Haiti, known for its French colonial houses, has been harboring an unusual architectural treasure, Gingerbread houses. A fusion of styles, derived from homes built in the American South and modified for climate conditions in Haiti, they have resisted hurricanes and tremblers. In 2010, Haiti's earthquake turned buildings in Port-au-Prince into masses of rubble. But a 125-year old Gingerbread house in the capital survived the quake virtually unharmed. Spearheading a project to restore Gingerbread houses, and make them into retail establishments, is the partnership of the French Institute in Haiti and the Knowledge and Freedom Foundation (FOKAL).
The Bois-Verna neighborhood in Port-au-Prince holds 200 Gingerbread houses. They are called such due to ornate latticework, winding around the circumference of the structures' features. Gingerbread houses can endure Haiti's torrid weather. Tall ceilings and turrets direct stagnant hot air upwards, and windows surrounding the house produce a cooling breeze.
Three years ago, the Court of First Instance in Jacmel was a crumbled heap that didn't bode well for restoration plans. Even the engineer who would eventually oversee the restoration effort, Jean-Marie Dutreuil, thought the once-proud, 100 year old building was fit only to be leveled to the ground. It is the good fortune of the city, the country and the many inmates overrun in the Jacmel prison who are awaiting trial that a little bit of faith was extended, and a very important part of Haiti's judicial history will be fit to stand for at least another 100 years.
Cap-Haitian ranks as the second most populated Haitian city next to Port-au-Prince, numbering 190,000 residents. A coastal city grazing the North Coast, it is the nexus of a thriving farming community. Its biggest exports include tropical fruits, sugar, and premium coffee beans.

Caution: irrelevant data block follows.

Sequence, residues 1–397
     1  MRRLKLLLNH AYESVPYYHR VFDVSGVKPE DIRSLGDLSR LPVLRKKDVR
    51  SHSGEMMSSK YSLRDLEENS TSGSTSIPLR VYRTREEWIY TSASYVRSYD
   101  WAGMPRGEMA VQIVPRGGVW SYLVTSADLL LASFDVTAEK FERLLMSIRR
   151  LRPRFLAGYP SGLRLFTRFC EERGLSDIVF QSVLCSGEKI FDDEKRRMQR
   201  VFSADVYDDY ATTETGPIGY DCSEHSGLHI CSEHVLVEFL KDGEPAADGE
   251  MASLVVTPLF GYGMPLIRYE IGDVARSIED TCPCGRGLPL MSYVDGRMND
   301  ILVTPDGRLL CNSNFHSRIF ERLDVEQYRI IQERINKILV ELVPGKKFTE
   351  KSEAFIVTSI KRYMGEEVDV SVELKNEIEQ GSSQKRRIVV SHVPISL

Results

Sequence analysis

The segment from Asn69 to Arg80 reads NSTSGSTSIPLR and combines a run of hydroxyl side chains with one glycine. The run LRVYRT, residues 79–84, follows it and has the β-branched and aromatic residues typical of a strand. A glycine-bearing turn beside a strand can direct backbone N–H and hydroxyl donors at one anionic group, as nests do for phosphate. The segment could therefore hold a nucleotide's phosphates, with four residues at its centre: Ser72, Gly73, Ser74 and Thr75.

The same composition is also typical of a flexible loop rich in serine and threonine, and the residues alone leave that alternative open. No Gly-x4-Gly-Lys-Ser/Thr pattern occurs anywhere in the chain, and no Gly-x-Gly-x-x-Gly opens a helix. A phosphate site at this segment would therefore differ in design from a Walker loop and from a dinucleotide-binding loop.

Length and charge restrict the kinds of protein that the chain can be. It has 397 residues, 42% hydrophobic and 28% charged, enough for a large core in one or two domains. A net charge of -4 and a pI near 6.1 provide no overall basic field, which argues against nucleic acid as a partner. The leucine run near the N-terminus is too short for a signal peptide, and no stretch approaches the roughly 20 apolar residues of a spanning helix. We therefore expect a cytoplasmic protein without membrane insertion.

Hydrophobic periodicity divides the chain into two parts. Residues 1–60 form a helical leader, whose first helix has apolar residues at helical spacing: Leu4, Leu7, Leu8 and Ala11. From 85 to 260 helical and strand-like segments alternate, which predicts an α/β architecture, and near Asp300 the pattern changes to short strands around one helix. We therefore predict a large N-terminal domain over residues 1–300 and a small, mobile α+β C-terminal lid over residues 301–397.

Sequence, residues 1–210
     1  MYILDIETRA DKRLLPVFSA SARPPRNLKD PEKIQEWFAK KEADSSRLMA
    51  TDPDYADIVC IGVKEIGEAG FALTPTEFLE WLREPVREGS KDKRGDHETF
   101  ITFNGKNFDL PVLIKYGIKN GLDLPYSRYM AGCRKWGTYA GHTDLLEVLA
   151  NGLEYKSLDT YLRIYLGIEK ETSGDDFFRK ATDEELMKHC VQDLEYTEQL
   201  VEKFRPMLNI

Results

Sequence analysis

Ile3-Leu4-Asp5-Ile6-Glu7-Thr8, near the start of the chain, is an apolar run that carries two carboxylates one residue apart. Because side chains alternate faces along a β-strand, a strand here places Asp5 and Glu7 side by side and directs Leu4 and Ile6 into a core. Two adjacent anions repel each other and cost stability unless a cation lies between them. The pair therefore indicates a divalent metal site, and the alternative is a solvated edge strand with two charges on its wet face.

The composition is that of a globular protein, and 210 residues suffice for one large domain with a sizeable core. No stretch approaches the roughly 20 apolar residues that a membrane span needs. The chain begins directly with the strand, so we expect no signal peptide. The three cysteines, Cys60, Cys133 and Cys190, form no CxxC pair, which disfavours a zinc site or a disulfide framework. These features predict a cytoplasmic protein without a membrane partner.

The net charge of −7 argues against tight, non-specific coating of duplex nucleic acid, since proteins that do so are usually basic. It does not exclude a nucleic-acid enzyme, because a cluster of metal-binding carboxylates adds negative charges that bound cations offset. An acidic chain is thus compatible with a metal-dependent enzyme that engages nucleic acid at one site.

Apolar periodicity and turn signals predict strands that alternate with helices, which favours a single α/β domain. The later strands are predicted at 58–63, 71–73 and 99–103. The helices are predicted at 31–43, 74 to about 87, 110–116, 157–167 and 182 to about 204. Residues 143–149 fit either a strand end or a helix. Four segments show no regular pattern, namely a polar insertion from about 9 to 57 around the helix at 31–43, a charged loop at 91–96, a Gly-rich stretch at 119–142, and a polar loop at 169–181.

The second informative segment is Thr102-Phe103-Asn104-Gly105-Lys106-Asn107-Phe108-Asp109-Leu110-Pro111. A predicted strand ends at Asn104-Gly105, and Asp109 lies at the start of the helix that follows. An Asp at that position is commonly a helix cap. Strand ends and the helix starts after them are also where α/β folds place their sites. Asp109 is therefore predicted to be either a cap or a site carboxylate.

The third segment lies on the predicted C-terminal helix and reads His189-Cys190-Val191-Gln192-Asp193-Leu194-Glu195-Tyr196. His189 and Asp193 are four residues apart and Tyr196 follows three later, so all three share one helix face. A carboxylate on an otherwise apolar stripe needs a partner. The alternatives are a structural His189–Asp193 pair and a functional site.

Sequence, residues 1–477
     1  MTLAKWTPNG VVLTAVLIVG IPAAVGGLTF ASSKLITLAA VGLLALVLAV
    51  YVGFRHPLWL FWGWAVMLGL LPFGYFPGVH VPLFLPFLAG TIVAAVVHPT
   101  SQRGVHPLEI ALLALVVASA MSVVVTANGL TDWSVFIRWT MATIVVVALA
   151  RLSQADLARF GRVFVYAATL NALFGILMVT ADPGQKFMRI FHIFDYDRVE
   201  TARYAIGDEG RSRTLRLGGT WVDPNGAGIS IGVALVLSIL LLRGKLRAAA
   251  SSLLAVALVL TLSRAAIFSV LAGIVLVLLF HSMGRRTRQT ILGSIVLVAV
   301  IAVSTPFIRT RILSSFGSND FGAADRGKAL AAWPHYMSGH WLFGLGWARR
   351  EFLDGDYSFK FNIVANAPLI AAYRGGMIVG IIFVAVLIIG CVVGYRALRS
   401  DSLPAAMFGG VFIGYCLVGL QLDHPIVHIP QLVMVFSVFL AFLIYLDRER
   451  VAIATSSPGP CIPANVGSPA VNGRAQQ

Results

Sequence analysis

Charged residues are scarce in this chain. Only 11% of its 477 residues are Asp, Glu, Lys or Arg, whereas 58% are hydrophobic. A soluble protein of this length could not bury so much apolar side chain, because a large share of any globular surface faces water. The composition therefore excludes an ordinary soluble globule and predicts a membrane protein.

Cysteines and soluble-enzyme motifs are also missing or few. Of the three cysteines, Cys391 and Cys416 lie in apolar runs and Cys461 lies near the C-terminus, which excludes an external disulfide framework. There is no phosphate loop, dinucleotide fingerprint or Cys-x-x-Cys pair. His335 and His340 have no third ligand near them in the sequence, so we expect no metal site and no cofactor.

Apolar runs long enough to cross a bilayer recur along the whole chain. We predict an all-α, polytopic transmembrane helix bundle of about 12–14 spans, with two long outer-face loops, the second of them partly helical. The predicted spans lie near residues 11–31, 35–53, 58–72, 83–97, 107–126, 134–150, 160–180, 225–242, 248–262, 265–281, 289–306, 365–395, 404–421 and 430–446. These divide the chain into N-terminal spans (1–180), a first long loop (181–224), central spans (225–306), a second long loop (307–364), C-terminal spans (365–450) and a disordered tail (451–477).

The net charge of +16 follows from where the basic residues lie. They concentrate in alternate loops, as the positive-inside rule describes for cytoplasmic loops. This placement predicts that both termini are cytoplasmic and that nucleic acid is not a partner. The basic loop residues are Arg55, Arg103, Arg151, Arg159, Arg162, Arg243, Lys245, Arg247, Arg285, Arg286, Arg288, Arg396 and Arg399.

Cap-Haitian was colonized in the 1700s by the French, who turned it into the wealthiest center in the Caribbean region. The French sense of baroque beauty transformed the city into "The Paris of the West". Henri Christophe, one of Haiti's earliest rulers, made Cap-Haitien the original capital of North Haiti. Eponymously, he named it Cap Henry.
The plans for a new national soccer stadium in Haiti, the Phoenix Stadium, is moving ahead and this is what the new stadium will look like when work is complete.
The project to build a new soccer stadium in Haiti has been in the making following the 2012 earthquake. Two principal actor in trying to give Haiti its first National soccer stadium are Boby Duval who is the founder and director of the Cité Soleil nonprofit L'Athlétique d'Haïti.
Based on the plan, the new Haiti National Soccer Stadium will include 12,000 seats. The Phoenix Stadium in Haiti will also include academy and community garden.
We finally have a glace of what the Cathedral of Port-au-Prince that was destroyed by the 2010 earthquake will look like when it is finally built. What you are looking at is the first picture of the winning design that was submitted by Puerto Rican architect Segundo Cardona and team. The cathedral is an important symbol in Port-au-Prince.
According to the new design approved by a panel of six professionals at the University of Miami School of Architecture, Cathedral of Port-au-Prince building will be shaped in a circular form with retractable walls.
A plan to build a Floating city in Haiti is just a dream now. In a few years, this can become a reality.
Tangram 3DS, in collaboration with Boston Architect and Designer E. Kevin Schopfer want to create the first Floating City in Haiti, Harvest City. This Floating City is to be located off the shores of Haiti and provide agriculture and light industries to the residents.
This is Haiti's opportunity to take a giant step into the future
This is how the Floating City, Harvest City, on the coast of Haiti
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